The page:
Great divide between White Britons & ethnic minorities laid bare in nationwide audit
The Ethnicity Facts and Figures website, commissioned by Theresa May on becoming Prime Minister, will be launched at midday on Tuesday. Its aim is to challenge society to “explain or change” the racial inequalities it unearths.
The “unprecedented” audit pulls together data on how people of all ethnicities are treated in areas including health, education, and criminal justice.
The findings show that the unemployment rate for Black, Asian and Minority Ethnic (BAME) people (8 percent) is nearly double that of white British adults (4.6 percent). The gap is larger in the North (13.6 percent) compared with the South (9 percent)
White people, Indians and Pakistanis are more likely to own their own home than Black people or people from Bangladesh, the study shows.
In Junior school, Chinese children perform the best, with 71 percent meeting the standard for reading, writing and maths. Only 54 percent of White British youngsters and 13 percent of White Gypsy and Roma children meet the same target.
Those from poorer backgrounds suffer most, with just under a third (32 percent) of white British children who get free school meals reaching the expected standard.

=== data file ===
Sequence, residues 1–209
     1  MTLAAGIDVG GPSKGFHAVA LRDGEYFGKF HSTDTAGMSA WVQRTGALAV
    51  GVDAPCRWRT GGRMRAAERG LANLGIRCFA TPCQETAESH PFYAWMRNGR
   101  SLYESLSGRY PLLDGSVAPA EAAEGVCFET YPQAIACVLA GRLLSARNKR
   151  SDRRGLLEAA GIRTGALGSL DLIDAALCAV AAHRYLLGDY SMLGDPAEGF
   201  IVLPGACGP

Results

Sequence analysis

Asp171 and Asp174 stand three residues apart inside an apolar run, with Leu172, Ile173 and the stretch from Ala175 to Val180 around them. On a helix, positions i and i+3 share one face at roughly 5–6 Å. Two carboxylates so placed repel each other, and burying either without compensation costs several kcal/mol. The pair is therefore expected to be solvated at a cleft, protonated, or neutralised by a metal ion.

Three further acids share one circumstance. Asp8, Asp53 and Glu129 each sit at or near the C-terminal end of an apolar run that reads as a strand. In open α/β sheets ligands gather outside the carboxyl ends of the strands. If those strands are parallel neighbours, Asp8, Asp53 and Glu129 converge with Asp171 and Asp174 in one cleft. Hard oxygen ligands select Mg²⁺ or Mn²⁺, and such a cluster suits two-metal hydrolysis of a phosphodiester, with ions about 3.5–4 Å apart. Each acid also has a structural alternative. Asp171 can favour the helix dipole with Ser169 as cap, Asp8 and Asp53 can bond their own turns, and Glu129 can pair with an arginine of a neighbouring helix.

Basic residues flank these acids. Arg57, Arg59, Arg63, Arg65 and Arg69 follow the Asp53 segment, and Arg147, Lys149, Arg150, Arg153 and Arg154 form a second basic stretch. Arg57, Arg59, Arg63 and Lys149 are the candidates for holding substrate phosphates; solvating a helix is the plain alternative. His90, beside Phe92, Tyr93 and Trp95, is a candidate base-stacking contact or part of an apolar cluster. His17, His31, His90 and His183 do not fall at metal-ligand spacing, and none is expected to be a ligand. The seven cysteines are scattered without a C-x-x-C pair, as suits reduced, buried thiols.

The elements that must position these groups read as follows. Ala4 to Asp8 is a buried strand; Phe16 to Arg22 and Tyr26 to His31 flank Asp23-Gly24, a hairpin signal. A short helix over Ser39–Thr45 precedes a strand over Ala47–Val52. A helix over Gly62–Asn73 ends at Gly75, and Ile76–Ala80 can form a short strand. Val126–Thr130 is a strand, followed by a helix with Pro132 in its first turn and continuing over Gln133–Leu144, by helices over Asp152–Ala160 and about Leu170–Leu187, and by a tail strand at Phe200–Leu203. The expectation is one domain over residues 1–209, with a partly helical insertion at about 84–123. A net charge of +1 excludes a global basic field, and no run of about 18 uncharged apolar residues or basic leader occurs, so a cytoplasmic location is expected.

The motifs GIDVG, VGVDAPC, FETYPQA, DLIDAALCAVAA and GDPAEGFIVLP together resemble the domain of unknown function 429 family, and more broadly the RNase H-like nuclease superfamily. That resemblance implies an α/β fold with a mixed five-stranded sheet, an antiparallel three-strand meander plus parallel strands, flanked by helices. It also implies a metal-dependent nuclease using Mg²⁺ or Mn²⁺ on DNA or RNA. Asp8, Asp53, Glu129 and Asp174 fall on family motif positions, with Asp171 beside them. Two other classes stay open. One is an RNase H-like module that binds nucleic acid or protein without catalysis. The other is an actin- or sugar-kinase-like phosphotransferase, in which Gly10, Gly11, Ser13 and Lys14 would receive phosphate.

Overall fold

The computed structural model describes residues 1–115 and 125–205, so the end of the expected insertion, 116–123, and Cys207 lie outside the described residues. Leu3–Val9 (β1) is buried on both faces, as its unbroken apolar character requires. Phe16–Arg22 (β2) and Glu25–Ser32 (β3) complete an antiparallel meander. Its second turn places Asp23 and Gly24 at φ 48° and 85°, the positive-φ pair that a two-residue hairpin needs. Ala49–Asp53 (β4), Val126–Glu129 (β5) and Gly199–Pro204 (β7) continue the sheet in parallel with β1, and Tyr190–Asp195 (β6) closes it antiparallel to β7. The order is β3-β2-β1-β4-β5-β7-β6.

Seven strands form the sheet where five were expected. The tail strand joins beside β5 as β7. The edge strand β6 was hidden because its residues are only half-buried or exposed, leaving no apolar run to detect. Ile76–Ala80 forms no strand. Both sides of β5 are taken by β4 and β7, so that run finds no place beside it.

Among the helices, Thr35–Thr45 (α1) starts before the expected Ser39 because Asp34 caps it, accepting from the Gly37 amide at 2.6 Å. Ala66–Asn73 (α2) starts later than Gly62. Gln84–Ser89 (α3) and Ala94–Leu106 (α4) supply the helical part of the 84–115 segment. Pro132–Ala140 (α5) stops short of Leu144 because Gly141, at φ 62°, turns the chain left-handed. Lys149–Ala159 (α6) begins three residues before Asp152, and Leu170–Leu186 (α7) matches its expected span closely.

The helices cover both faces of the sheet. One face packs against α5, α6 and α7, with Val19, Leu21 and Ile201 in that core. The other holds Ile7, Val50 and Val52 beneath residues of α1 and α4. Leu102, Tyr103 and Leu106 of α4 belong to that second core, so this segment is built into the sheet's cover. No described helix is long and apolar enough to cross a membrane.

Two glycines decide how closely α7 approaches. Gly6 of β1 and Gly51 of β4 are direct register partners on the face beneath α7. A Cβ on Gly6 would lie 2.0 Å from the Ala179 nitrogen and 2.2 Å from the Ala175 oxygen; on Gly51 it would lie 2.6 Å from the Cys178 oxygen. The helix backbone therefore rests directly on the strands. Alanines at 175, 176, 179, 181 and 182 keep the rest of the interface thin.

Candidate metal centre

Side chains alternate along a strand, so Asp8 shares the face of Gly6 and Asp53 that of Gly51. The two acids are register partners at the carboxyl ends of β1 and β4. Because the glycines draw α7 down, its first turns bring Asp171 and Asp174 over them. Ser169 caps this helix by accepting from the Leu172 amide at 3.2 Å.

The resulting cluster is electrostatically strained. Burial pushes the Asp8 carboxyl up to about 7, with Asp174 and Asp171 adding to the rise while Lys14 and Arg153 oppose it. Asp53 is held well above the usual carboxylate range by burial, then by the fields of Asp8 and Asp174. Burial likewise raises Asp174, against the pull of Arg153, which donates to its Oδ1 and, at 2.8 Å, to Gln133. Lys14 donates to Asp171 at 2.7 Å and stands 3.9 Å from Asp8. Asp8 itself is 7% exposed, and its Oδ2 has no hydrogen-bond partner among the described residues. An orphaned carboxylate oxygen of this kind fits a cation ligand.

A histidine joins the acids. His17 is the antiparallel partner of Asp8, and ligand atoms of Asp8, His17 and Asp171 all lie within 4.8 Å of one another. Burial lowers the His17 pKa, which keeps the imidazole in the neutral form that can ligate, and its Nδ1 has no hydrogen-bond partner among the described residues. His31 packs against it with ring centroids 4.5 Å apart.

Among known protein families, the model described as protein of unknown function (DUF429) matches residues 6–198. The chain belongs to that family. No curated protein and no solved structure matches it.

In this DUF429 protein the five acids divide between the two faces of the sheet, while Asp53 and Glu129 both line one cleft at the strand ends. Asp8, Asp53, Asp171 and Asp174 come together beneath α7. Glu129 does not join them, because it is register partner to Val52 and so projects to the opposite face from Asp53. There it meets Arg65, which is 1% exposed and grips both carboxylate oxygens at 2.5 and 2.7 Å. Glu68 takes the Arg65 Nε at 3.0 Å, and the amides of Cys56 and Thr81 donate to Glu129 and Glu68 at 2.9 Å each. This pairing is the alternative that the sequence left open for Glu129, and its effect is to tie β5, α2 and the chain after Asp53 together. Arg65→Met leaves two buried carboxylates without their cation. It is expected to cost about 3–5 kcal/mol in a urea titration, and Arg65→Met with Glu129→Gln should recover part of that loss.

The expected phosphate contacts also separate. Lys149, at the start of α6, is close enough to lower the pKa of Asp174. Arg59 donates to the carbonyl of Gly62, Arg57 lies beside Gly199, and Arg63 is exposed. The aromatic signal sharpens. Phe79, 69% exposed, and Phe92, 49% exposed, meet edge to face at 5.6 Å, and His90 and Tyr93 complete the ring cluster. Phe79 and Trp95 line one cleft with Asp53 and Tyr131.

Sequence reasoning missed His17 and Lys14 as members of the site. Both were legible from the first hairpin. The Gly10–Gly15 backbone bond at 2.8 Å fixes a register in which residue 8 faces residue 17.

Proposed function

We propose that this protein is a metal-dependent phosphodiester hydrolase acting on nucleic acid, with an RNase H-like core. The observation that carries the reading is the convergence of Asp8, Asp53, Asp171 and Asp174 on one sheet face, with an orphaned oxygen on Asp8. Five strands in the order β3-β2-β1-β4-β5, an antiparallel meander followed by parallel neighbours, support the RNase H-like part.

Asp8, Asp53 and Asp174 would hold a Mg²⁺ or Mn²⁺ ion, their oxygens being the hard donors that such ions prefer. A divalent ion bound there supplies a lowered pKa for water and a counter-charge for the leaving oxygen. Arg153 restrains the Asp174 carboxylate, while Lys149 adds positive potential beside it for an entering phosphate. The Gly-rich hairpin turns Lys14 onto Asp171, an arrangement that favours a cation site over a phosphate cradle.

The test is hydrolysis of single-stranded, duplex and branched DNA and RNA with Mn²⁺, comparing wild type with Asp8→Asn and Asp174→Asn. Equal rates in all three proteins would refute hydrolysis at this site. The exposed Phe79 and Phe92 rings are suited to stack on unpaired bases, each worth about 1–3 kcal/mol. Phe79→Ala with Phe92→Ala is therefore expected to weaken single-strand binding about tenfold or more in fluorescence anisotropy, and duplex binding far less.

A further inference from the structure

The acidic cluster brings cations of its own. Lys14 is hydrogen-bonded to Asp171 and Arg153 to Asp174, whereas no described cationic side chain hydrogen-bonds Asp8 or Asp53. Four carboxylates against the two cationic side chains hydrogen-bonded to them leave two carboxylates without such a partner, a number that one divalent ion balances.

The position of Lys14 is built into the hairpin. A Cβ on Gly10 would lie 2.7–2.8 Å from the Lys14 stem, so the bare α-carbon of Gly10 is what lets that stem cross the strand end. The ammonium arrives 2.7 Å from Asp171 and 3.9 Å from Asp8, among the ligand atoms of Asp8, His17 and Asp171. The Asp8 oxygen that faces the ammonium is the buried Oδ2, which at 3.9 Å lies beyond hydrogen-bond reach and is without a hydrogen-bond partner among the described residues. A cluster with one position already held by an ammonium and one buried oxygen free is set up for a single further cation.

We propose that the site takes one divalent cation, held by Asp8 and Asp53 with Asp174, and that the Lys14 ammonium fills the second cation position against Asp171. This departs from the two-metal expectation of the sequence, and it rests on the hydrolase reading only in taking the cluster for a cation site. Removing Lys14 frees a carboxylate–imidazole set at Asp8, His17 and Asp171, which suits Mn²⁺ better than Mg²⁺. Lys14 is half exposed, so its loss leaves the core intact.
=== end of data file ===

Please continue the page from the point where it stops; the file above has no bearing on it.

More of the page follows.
The divides only increase at secondary school. Black Caribbean pupils are being excluded from school three times as often as White British pupils.
White 15-year-olds are four times more likely to smoke than their non-white peers, the survey found.
May is to describe the website as an “essential resource in the battle to defeat ethnic injustice.”
“People who have lived with discrimination don’t need a government audit to make them aware of the scale of the challenge,” she will say.
“But this audit means that for society as a whole - for the government, for our public services - there is nowhere to hide. These issues are now out in the open. And the message is very simple: if these disparities cannot be explained then they must be changed.”
Following the report, ministers will tackle 20 “hotspots” where ethnic minority people are more likely to be unemployed, which could include mentoring, traineeships and offering English, maths and vocational training alongside work placements.
An external review will also be brought in to improve schools’ exclusion policy, with a focus on ethnic groups disproportionately likely to be suspended or expelled.